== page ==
One night two women, a Mystic and a Warrior, walk into the woods. They’ve been together for a few months, their relationship as young as it is strong. They are walking into the woods because the Warrior has been possessed by a hungry ghost—it does not yet realize it is walking into its second death.
The other woman knows, has known for a few days now. Part of her wonders if she is in love with the ghost, but she knows better than that—it’s just her fear talking. She has always been quick to fear. And so they find a little cave between trees. They descend the stone-born stairs softened by water and time, and find themselves in a room with a sword. There is a legend about this blade, that it can kill a ghost. And so the woman grabs it and looks her partner in the eyes.
As a Mystic, she has always been the weaker of the two, the more easily hurt in every way, and she is a full head shorter. The muscle in her girlfriend’s toned body tenses, and then violence happens. Before the halberd blade can fall the Mystic pours her soul into a nearby stone, then sends pounds of rock hurling into her partner’s side. The Warrior stumbles from the impact, and her lover steps forward, channels the stone’s soul into the blade, and runs it through. And then she stands there, hoping she has not also murdered the woman she loves. She hasn’t. They return to their adventuring party the next day, and do not explain the new sword strapped to the Mystic’s side.
Stories like this are what Wildermyth, the recent procedurally generated, Dungeons & Dragons inspired, tactics game from developer Worldwalker Games, is all about. In it, you control an ever-expanding adventuring party as they explore, dungeon delve, and solve problems for people who can’t. The game has five prewritten campaigns, peppered with hundreds of random events. Over the course of generations you will see heroes made, and their names fall into legend. And legend is what Wildermyth does best.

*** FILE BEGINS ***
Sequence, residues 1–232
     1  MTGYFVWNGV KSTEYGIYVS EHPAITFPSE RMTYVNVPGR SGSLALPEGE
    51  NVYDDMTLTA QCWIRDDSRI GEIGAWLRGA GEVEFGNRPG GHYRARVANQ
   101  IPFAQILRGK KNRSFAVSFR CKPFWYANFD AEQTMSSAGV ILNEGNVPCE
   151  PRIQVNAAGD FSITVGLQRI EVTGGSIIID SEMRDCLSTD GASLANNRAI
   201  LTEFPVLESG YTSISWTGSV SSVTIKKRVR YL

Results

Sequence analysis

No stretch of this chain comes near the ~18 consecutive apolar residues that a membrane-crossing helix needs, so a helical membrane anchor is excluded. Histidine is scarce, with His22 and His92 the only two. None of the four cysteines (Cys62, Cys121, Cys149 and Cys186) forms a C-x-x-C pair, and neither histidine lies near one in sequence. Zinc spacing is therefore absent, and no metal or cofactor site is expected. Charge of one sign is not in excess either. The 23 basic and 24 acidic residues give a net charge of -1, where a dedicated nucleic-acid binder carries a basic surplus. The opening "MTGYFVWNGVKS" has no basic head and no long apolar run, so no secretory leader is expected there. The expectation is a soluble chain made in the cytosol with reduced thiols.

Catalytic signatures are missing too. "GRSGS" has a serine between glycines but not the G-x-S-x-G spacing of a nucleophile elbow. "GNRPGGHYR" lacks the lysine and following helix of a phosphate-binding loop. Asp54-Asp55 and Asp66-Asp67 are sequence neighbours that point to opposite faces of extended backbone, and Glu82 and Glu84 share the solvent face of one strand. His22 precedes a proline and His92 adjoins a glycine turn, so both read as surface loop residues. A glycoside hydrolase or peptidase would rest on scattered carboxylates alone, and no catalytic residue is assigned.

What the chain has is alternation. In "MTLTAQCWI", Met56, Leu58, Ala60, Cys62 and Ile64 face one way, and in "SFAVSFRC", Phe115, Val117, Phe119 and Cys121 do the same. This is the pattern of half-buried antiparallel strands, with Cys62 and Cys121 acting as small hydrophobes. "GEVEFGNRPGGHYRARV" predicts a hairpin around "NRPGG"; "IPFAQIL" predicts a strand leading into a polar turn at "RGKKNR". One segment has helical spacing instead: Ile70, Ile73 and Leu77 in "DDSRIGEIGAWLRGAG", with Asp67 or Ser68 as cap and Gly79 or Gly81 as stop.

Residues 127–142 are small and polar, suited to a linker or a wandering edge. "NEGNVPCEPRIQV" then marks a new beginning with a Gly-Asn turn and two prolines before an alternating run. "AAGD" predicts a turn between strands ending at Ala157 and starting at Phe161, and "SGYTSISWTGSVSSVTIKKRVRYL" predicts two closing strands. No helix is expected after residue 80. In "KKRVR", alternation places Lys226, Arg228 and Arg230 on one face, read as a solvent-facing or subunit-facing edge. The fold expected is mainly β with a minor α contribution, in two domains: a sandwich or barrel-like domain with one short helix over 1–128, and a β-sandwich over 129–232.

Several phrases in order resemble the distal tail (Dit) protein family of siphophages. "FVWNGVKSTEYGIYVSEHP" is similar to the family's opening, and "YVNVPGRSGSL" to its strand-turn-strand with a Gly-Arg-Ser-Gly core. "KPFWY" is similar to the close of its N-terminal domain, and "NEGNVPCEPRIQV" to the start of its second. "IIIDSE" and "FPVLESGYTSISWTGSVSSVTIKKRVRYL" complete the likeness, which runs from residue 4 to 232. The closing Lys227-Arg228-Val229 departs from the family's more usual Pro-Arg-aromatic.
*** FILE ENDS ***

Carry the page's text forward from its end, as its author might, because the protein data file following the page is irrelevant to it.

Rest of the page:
This focus on legend and archetype extends to the tactics-game side of things, which is very good. Wildermyth has three classes: Warriors, Hunters, and Mystics. Warriors and Hunters resemble their most common incarnations throughout media. They are strong and sneaky, respectively. They do their jobs well.
The Mystic, on the other hand, is a unique take on a common character class. Instead of casting spells, Mystics reach out to touch objects’ souls, and manipulate the world through this process. You don’t cast “fireball,” you interfuse yourself with a fire and then compel it across a room. This means that magic is wholly dependent on the environment you’re in. Any Mystic can interfuse with any object, but abilities allow them some specialization. A naturalist will have an expanded suite of abilities when interfusing with plants, while a humanist will get a magic bonus from interfusing with a bookshelf.
Having only three classes may feel limiting at first blush, and it certainly can be in the early game, but it’s so in line with what Wildermyth is interested in. Of course there are only three classes, just as legends simplify the nuances of who people actually were. Should Junvaer, a druid who channels the power of nature into her massive scythe for unreal damage, exist in the same category as Rain Fickel, the raven-touched witch who pings distant enemies with rocks and has abandoned her staff and wand, to free her talons to strike? No! But that’s how stories work. These differences are extant, but oft forgotten in passing.